Szeged’s urban development concept and integrated urban development strategy aim to improve the quality of green areas and to restore natural habitats and ecological corridors for social and recreational purposes and to mitigate the impacts of climate change. Due to the required structure for integrated urban development strategies and related financing mechanisms, there are separate objectives and plans for most urban districts (Liget, Mórapark, Makkosháza, Odessza, Roosevelt square, Tápé, Tarján, Stefánia, Vértó). They are called action areas and are developed in relation to the general objectives of increasing the number of green areas and their renewal. By 2020, these green interventions under the action areas will be connected, creating a complex green area network in the city. Objectives under the complex development of action areas include, for instance, the rehabilitation of green areas, review and expansion of urban mobility (upgrading the cycle path system, extending public transport with green investment) and a decrease in concrete surface area.
These challenges are addressed by various nature-based solutions, such as urban renewal with green areas, including the selection of climate-adapted vegetation, water- and air-permeable cover usage, and the creation of urban garden allotments. These nature–based solutions form part of a strategy for improving resident mobility, the multi-functionality of public spaces, and local economic development.
Green area rehabilitation and restoration projects have been completed in the Liget action area and in various parts of the city (e.g. Széchenyi square). Similar actions are planned in the remaining eight action areas by 2020. There is a special focus on creating connectivity between the action areas, therefore enhancing biodiversity and ecosystem services and on developing social spaces for all age groups (playgrounds, benches for resting and sitting, dog-walking areas, sport areas, cycle paths). The city also addresses adaptation to climate change and increasing climate resilience for instance by using adaptive, multi-level vegetation. Decreasing car use and encouraging sustainable urban mobility is another crucial objective for Szeged, with special attention paid to the extension of cycle paths, which often goes hand-in-hand with extending and conserving green areas. When expanding the public transport system, green investment is considered, as was the case in the 2006-2015 upgrade of tram lines, where grass was planted between the tram tracks. Furthermore, the city centre is restricted for pedestrian use only and recently, to address growing pressure to increase green areas, a new city ordinance declared that new properties built do not need to include a parking lot. The city also uses water and air-permeable coverage whenever possible and removes concrete covers that are out of use. There is also focus on the renewal of housing estates using nature-based solutions to support social changes by making the areas more attractive for younger generations as well (e.g. urban gardening, parks, outdoor leisure activities).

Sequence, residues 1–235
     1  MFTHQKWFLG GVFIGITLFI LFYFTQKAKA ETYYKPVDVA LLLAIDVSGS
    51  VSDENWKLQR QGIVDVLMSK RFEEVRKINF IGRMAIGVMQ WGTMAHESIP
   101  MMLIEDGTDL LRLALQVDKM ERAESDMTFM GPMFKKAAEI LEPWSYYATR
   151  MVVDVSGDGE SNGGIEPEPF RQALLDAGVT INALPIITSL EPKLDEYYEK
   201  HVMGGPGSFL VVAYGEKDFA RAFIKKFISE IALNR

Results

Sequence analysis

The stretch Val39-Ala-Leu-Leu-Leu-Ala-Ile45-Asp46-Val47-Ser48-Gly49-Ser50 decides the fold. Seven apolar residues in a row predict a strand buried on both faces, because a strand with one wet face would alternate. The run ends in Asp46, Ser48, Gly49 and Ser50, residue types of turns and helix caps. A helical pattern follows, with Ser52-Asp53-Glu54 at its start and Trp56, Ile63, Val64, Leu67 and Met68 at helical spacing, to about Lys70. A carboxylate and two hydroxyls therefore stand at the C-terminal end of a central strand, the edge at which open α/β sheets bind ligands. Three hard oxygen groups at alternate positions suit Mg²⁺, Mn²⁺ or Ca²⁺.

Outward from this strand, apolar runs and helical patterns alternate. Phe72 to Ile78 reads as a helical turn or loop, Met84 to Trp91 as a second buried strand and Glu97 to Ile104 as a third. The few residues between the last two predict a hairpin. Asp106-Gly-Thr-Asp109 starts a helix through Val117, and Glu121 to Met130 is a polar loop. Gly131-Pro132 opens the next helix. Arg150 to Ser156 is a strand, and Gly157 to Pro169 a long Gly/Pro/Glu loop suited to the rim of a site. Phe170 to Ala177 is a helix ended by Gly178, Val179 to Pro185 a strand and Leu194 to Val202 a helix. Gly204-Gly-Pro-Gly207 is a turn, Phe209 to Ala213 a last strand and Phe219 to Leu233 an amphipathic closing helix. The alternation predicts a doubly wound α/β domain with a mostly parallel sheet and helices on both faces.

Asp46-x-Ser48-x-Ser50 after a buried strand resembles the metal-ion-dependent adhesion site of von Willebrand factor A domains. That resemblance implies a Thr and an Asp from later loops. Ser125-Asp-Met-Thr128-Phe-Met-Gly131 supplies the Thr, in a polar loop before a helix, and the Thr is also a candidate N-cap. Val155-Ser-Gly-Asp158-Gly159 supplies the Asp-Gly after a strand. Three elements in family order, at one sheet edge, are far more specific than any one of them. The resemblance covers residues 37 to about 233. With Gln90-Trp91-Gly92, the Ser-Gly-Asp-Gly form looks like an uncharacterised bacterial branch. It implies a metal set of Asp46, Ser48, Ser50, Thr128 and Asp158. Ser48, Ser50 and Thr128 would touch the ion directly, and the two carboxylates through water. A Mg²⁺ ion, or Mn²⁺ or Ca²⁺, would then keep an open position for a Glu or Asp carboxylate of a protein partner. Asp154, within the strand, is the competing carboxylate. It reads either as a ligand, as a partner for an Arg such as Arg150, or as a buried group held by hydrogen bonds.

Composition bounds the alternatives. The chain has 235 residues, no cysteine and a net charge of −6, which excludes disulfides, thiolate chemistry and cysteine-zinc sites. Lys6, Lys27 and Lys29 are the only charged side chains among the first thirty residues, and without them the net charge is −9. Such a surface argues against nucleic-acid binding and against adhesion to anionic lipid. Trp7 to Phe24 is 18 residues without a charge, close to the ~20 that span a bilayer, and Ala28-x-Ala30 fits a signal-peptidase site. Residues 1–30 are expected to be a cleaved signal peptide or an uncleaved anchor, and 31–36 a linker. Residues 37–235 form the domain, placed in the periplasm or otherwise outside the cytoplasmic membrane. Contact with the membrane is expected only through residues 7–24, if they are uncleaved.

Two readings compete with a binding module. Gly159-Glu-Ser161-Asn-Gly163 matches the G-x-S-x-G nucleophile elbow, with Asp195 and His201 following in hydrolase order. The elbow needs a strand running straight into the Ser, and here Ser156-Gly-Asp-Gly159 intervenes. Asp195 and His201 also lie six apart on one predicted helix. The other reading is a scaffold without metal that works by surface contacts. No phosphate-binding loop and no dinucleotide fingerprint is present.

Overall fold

The city authority focuses on nature and sustainability. However, as local authorities have limited own budgets, EU and national financial sources are very important. Most investment in nature-based solutions came from an EU funding source, mostly operational programmes (only one action area, Tápé, has been rehabilitated entirely from the city administration budget). Therefore, information about EU funding mechanisms and operational programmes for green infrastructure, nature-based solutions and green areas is crucial for any such developments in the future. Another key lesson was learned during the 2006-2015 expansion of community transport in Szeged, when there were many discussions on how to finance the expected high costs of maintaining the grass between the tram tracks as maintenance is usually not supported by EU funds. In fact, the costs have not exceeded the planned budget and can be managed by the city, which shows that more knowledge and experience are needed to make more exact calculations and better project planning possible. One of the key remaining challenges is liaising with all stakeholders and addressing their various needs, which requires extensive discussions.
Most activities are financed from EU financing mechanisms, including PHARE 2000-2003, and operational programmes (2004-2006, 2007-2013, 2014-2020 and the currently planned territorial operational programme that contains priority axes for green infrastructure development). There are plans in Szeged for a joint Hungary-Serbia application from the Instrument for Pre-Accession Assistance (IPA) for improving water management and rainwater use for local gardening. All activities include at least 5-10 % co-financing from the city; there is one project in Tápé that is financed solely from the city’s budget. The city administration has a department that runs 60-70 parallel projects and there is a goal to increase its capacity.